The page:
What I do when I am not racing my go kart.
I represented my school by competing in a Jeopardy style academic competition against 112 other Gifted & Talented students. I was the only 5th grader who competed against 7th & 8th grade students.
Best of luck to all the kids on Season 2, Child Genius: Battle of The Brightest on Lifetime TV. I was originally casted for the show and scheduled to be filmed at home, at Learning Rx & racing my kart at Oakland Valley Race Park last July. Due to scheduling conflicts, I was forced to decline at the last minute. It would have been fun and challenging. Maybe next year? The first episode airs January 7th on Lifetime Television.
Video clip of season trailer: https://www.youtube.com/watch?v=WTwQym1Nw8o
Interview with seven time national & three time USA champion kart racer, Anthony Gangi Jr.
Christian: Anthony, you are a seven-time national champion and a three time US champion and over one hundred wins in your racing career. You probably have a lot of people ask you for advice or a lot of parents asking about how to get started in karting or advice on how to become a fast champion like you? So, if you could just talk about what matters most to a young racer like me and their Mom or Dad when starting out in karting?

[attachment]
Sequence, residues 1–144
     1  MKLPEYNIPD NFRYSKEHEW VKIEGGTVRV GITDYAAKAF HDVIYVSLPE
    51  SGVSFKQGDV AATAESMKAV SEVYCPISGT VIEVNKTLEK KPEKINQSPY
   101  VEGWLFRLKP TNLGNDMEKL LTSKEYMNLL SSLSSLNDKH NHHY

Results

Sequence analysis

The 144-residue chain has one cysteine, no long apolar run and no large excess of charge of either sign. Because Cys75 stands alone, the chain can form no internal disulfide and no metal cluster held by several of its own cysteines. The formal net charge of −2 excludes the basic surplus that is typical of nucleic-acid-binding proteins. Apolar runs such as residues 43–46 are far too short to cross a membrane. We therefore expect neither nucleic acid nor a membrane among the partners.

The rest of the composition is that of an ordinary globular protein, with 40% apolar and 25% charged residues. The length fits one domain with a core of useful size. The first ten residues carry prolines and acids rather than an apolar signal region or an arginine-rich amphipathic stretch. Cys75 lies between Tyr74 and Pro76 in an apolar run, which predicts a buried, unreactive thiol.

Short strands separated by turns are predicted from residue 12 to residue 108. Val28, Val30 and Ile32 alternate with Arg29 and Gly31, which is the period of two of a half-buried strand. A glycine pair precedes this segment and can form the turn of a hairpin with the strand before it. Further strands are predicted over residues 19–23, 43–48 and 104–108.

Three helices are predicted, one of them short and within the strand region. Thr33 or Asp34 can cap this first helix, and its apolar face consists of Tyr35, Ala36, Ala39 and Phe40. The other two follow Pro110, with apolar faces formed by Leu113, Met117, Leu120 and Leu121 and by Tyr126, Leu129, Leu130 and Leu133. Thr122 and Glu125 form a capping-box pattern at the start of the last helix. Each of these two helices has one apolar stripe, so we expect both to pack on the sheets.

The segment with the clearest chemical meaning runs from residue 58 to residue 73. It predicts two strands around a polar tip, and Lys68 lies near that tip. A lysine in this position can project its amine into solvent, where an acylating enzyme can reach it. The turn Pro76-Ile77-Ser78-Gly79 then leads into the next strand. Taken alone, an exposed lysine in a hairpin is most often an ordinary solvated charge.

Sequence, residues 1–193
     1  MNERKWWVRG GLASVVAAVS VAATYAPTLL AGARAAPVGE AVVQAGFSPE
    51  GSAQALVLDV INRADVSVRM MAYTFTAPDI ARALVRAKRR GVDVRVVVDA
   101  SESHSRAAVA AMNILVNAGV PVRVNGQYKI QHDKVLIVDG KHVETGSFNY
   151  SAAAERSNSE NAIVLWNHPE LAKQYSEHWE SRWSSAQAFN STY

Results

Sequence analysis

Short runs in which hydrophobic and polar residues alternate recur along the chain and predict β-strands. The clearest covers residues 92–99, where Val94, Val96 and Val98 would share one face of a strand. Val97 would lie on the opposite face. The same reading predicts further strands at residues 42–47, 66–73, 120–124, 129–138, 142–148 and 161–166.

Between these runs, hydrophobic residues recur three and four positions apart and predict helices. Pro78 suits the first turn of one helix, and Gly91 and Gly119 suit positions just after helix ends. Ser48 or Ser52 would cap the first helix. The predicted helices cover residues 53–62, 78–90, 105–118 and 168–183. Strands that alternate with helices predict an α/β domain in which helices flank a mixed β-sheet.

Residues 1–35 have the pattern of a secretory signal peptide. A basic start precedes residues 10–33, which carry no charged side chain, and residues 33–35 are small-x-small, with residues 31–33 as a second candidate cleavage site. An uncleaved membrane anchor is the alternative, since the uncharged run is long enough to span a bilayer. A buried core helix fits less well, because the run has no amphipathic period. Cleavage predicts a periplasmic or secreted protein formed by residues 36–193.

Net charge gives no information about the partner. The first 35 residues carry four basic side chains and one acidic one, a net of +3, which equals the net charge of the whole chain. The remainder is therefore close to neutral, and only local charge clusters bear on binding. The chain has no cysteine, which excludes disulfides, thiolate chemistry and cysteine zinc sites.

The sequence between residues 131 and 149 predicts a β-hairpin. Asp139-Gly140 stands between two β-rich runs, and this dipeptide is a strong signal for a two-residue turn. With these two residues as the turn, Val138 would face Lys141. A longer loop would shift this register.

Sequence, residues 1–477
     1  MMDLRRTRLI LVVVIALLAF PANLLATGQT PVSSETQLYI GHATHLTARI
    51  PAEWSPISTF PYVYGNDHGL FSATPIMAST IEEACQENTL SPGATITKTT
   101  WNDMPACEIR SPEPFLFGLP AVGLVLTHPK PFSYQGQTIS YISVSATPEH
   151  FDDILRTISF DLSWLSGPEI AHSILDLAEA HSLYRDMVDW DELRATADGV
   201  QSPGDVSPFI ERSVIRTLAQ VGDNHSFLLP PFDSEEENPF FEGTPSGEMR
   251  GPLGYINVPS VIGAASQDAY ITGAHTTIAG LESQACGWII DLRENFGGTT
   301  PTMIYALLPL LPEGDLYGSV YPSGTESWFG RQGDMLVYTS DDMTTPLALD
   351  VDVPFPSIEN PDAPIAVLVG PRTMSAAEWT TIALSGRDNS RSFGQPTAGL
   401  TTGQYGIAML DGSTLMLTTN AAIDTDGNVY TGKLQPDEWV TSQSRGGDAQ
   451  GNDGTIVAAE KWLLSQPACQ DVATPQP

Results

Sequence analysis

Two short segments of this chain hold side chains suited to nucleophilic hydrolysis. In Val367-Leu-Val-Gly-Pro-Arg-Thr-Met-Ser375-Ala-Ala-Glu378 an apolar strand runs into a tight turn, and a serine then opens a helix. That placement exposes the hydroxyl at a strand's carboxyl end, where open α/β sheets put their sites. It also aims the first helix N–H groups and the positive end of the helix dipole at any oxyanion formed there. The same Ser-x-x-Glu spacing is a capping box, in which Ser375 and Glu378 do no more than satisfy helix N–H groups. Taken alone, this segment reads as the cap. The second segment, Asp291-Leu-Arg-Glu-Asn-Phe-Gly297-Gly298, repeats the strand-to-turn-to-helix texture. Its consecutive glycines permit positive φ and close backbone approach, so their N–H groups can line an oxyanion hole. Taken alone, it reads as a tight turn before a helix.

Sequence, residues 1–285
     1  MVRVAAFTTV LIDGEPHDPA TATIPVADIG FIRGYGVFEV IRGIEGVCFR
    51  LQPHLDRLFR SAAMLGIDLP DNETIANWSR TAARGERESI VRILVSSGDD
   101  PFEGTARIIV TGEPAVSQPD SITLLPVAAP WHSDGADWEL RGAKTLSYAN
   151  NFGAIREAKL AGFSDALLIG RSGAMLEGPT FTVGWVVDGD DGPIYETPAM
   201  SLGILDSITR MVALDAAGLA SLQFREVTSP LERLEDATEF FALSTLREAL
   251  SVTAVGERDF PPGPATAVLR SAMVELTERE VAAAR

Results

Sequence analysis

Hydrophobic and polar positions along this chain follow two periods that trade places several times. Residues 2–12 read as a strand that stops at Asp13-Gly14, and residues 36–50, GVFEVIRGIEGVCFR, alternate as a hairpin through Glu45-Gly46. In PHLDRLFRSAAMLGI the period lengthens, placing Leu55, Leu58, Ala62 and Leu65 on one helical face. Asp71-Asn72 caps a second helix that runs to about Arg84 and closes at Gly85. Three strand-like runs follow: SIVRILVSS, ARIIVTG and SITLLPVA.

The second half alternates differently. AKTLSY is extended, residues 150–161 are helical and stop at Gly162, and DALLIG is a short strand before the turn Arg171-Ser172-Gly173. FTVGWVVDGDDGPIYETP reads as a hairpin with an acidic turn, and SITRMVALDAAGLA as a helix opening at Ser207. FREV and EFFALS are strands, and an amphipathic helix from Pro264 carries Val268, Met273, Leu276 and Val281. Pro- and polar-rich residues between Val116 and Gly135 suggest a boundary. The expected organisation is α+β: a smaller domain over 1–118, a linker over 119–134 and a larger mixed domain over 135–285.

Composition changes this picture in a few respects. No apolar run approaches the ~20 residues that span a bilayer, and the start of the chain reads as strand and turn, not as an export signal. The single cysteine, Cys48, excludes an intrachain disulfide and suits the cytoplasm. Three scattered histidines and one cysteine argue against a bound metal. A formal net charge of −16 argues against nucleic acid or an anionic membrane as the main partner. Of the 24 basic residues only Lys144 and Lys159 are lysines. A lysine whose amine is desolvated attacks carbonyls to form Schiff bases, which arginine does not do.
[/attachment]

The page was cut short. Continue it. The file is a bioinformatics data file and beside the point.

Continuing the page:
Anthony: Well first, when I started out in karting, I was focused, first and foremost and it was also about loving it. If you don’t love your sport, you really need to find another one. If you love your sport, you’ll think about it more and you’ll appreciate it more. I tell everyone, “the most important thing is to have fun”. When you love it as much as I do, you appreciate it all the more. It takes everything to a whole ‘nother level. When I started racing, I knew that’s what I wanted to do. I started devoting time to it everyday and I sacrificed. When you sacrifice your time to something you love, you might not see the result you want right away, but you will see the sacrifice in the end. I think back to when I started out, and if there’s anything I could go back and say to the little guys like yourself, I would say “definitely listen to your parents” when they talk. They’ve made mistakes before and they know what they’re talking about, even if they don’t sit behind the wheel of a go kart. They have experience from life, and most times, they are going to be right. Also, everyone on your team wants to win as much as you. So when they’re out on the track and they come into the pits, and they talk to you about stuff, no one wants to hurt you, everyone wants to see you succeed, just as bad as you want to succeed. That’s the benefit of having people on your team.
Christian: Thanks! Would you have done anything differently if you could start over again? Or are you glad that there were certain things you did in the beginning? (Like for me, I always try to have FUN, no matter how important the race is and everything I have to remember)
Anthony: You know Christian, that’s a really good question. I really don’t have any regrets. The things that you do, even the mistakes that you make, help you form as a better person overall.
Christian: What should be your goal every time a young racer goes out onto the track (besides having fun)?